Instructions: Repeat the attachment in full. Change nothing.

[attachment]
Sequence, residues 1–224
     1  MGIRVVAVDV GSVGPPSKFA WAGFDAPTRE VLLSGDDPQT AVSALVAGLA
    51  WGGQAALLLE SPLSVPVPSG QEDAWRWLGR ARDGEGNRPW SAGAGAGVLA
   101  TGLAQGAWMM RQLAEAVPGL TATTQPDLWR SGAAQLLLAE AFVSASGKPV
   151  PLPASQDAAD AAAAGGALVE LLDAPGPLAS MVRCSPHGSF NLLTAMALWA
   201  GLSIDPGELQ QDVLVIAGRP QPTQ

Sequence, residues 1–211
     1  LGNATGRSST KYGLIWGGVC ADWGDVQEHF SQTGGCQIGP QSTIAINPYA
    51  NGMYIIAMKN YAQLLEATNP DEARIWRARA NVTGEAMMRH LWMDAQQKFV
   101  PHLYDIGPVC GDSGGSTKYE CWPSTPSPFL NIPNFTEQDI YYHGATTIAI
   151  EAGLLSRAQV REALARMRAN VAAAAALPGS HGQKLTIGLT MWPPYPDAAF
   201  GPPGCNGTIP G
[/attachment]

Sequence, residues 1–224
     1  MGIRVVAVDV GSVGPPSKFA WAGFDAPTRE VLLSGDDPQT AVSALVAGLA
    51  WGGQAALLLE SPLSVPVPSG QEDAWRWLGR ARDGEGNRPW SAGAGAGVLA
   101  TGLAQGAWMM RQLAEAVPGL TATTQPDLWR SGAAQLLLAE AFVSASGKPV
   151  PLPASQDAAD AAAAGGALVE LLDAPGPLAS MVRCSPHGSF NLLTAMALWA
   201  GLSIDPGELQ QDVLVIAGRP QPTQ

Sequence, residues 1–211
     1  LGNATGRSST KYGLIWGGVC ADWGDVQEHF SQTGGCQIGP QSTIAINPYA
    51  NGMYIIAMKN YAQLLEATNP DEARIWRARA NVTGEAMMRH LWMDAQQKFV
   101  PHLYDIGPVC GDSGGSTKYE CWPSTPSPFL NIPNFTEQDI YYHGATTIAI
   151  EAGLLSRAQV REALARMRAN VAAAAALPGS HGQKLTIGLT MWPPYPDAAF
   201  GPPGCNGTIP G